Serena is repulsive (especially now) and Safina is just a pumpkinhead who screams come on.


James S Says:

Peter,

Sorry, you can’t use racism to cover for Serena’s continued lack of class. In no way can you compare her to President Obama who exemplifies class and poise. I have never heard Serena have a good thing to say about any other player. It is always I was hurt or did not play my best. Never she simply outplayed me and is the better player today. This is what you hear from Lindsay Davenport and other classy women players.

In Serena’s defense, she was never taught manners. Unfortunately with all her millions she has not chosen to learn them on her own. Her press conference was abysmal. Where was her agent handler. If I were Nike I would be very concerned to not take action. Otherwise a new precedent has been set.


vared Says:

Richard Williams always seemed shady to me. It’s true what they say. Apples don’t fall far from the tree.

Cindy, Richard has said really racist things against white players Spirlea/Evert/Austin. Peter, in one article he even admits he is racist.


donna Says:

I dare these people to question serenas father and genes. He accomplished what their fathers can’t even come to close to doing. Go pull the tapes forget Mcenroe 20 years ago Roger Federer cursed on the umpire, line judges, and oppenents for the first few years of his career.


donna subulade Says:

Serena make one slip, and her entire genetic lineage is insultated. Her father has accomplished what fathers including Jennifer Capriata or Maria Sharopovia could not do. Pull the tapes Roger Federer once cursed the line judge, umpire and oppenents routinely.


sensationalsafin Says:

When did Federer do this?


Les Says:

The race card is absurd. Venus has the class that Serena clearly lacks. Serena refuses to play Indian Wells because of racism, yet when Shahar Peer was refused entry to play in Dubai, where were the Williams sisters? Did they refuse to play because of another race card? Ha. It didn’t suit them to forgo the advance appearance money.
However, if the USTA and the tournament committees refuse to sanction Serena and to impose a meaningful fine, then the USTA is de facto permitting this kind of violent activity right down to league levels. Perhaps the $10,500 is the maximum fine at the US Open (and that should be re-examined) but the other governing bodies can go to the limit. If I had been the linesman and had that kind of threat, with a weapon (tennis racket), I likely would have run for the hills. I commend the lady for being able to withstand the threats and the expletives.


scineram Says:

No one defaulted her.


Von Says:

Vared: “Cindy, Richard has said really racist things against white players Spirlea/Evert/Austin. Peter, in one article he even admits he is racist.”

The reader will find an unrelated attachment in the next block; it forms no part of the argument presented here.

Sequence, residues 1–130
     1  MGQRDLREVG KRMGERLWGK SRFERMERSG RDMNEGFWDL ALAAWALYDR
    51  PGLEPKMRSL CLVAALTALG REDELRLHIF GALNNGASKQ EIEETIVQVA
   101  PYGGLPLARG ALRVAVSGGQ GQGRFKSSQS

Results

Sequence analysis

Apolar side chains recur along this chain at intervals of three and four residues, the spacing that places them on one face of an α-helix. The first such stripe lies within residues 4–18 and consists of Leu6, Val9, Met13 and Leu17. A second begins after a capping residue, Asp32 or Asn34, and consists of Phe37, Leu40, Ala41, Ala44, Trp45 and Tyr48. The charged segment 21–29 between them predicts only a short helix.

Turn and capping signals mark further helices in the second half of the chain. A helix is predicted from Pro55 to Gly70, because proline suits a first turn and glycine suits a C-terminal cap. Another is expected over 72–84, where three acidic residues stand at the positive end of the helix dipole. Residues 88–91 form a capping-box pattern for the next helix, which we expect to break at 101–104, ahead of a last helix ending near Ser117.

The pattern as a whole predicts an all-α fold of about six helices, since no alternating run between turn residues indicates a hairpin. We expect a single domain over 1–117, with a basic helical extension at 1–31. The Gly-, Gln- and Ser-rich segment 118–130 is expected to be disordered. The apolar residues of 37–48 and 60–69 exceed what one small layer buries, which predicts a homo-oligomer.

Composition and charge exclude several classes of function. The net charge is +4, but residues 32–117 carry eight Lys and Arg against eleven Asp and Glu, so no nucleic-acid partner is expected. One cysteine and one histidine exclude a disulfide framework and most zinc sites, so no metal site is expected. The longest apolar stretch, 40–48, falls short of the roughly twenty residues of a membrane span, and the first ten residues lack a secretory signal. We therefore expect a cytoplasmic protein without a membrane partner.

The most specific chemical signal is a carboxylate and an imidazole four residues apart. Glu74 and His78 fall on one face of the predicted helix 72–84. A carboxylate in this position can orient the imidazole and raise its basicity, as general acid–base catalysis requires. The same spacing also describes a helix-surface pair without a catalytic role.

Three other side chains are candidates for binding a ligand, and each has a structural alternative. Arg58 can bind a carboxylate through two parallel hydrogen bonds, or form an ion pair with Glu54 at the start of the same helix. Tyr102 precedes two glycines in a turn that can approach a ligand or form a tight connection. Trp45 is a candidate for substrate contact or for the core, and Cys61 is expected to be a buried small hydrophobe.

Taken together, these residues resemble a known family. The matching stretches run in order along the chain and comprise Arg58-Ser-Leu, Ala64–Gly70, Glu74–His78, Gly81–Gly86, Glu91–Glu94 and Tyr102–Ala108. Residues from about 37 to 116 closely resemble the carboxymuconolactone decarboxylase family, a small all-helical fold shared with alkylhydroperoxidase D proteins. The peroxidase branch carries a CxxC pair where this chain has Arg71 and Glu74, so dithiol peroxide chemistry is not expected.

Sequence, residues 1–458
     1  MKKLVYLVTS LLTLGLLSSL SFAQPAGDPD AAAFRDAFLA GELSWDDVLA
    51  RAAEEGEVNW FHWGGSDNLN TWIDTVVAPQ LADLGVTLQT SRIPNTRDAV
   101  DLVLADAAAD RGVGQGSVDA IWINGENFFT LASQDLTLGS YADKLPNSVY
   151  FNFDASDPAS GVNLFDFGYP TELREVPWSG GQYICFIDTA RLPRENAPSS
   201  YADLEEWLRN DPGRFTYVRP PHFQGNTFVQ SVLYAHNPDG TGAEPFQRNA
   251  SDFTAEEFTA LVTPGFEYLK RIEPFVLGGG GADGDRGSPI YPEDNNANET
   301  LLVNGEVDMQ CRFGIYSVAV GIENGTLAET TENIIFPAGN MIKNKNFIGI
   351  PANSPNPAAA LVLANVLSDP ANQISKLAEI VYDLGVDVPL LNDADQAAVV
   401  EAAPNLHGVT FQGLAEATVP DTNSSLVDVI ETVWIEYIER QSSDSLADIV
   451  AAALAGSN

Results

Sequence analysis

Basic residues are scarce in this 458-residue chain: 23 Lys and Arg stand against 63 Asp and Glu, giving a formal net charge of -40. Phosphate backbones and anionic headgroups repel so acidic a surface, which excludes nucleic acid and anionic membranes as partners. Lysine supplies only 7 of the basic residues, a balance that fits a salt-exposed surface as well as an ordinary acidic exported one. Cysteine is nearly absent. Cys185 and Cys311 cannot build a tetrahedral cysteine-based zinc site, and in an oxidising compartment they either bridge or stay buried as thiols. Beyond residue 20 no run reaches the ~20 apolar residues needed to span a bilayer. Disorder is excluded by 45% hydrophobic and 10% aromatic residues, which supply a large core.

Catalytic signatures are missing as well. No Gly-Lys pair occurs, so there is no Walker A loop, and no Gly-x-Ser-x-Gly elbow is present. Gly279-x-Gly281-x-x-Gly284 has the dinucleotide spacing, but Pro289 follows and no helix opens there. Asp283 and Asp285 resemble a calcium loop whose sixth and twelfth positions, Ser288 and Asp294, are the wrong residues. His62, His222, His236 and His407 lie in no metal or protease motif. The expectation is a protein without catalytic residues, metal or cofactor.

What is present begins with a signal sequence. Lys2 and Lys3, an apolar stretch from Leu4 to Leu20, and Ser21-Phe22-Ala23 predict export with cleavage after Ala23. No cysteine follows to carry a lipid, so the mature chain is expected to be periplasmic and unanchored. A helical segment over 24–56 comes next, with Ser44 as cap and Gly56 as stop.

Why are you feeding brady’s racist rants? I know you don’t like Serena, but WOW, don’t for the love of God, form an alliance with brady based on racist remarks., please.


vared Says:

Im not forming an alliance but Von, Richard really IS a racist.

“But if you get some little white no-good trasher in America like Tracy Austin or Chris Evert, who cannot hit the ball, they (the media) will claim this is great,” he said.

While his daughters were playing earlier this month in Bangladore, India, where Venus reached the quarterfinals and Serena won the title, Williams told the Deccan Herald, “Well, I’m black and I’m prejudiced, very prejudiced. People are prejudiced in tennis. I don’t think Venus or Serena was ever accepted by tennis. They never will be.”

http://just-scott.blogspot.com/2008/03/tracy-austin-and-chris-evertwhite.html


pam Says:

I hope some enterprising young journalist goes back through Serena’s matches and finds all the ones where she threatened opponents. I can think of three off the top of my head. A little digging and tape viewing will surely turn up more. I am certain that a poll of players will reveal that they are not at all surprised by Serena’s tirade.


vared Says:

I hope some enterprising young journalist goes back through Serena’s matches and finds all the ones where she threatened opponents
Pam
I have one (not a threat) where she is calling Justine Henin a bitch while she is waiting for return of serve.

http://www.youtube.com/watch?v=S7s-enR3o-o
http://www.youtube.com/watch?v=O4wRo5F1fGo


JWimbley Says:

Let’s be real. Serena has lost plenty of matches–to lower seeds, and never was there ever a tirade of any sort. She witnessed huge nunber of foot faults called against sis Venus,and Serena wason alert to NOT commit any foot faults. She knows she did NOT foot fault. I watched her throghout past THREE tourneys, and this is ONLY one where “foot faults” were obviously called to unnerve Serena. That linesperson WANTED Clisters to win. Everyone nows how Asians feel about White skin. They worship White skin. Lines people also KNOW there is no fromal rebuttal to calls AND NO equipment to Prove it either. That is why everyone should STOP blaming Serena. It was not her fault that linespeople have unmitigated power to THROW a game–IF so inclined. Whnen prize money is a cool million, one could offer/bribe willing linesperson 10 or 20 thousand dollars to call a foot fault at match point,or any other time to upset opponent. Always TWO sides to every coin.

And, losing your cool under unexpected stress on top of other stresses, worry about Venus injury,perhaps a little guilt that Venus is sticking it out for the doubles, etc–Let’s just FORGIVE her and forget it. Youngsters NEED to also learn people FORGIVE people. All this violent crap on TV is far worse than Serena’s few bad words which are mild compared to what TEENS talk in general conversation. The f bomb is so casual in ordinary kids as young as five, talk it basically has NO meaning at all. Better to talk it out than to gun it out like in today’s schools. BTW, Missing Asian student Doctor was found. Her killer probably was too inept to indulge in VERBAL battle,but chose to act out his frustrations,whateverthey were. Way too serious stuff is happening to go on and on about this ONE-time, never-gonna-happen-again tennis fiasaco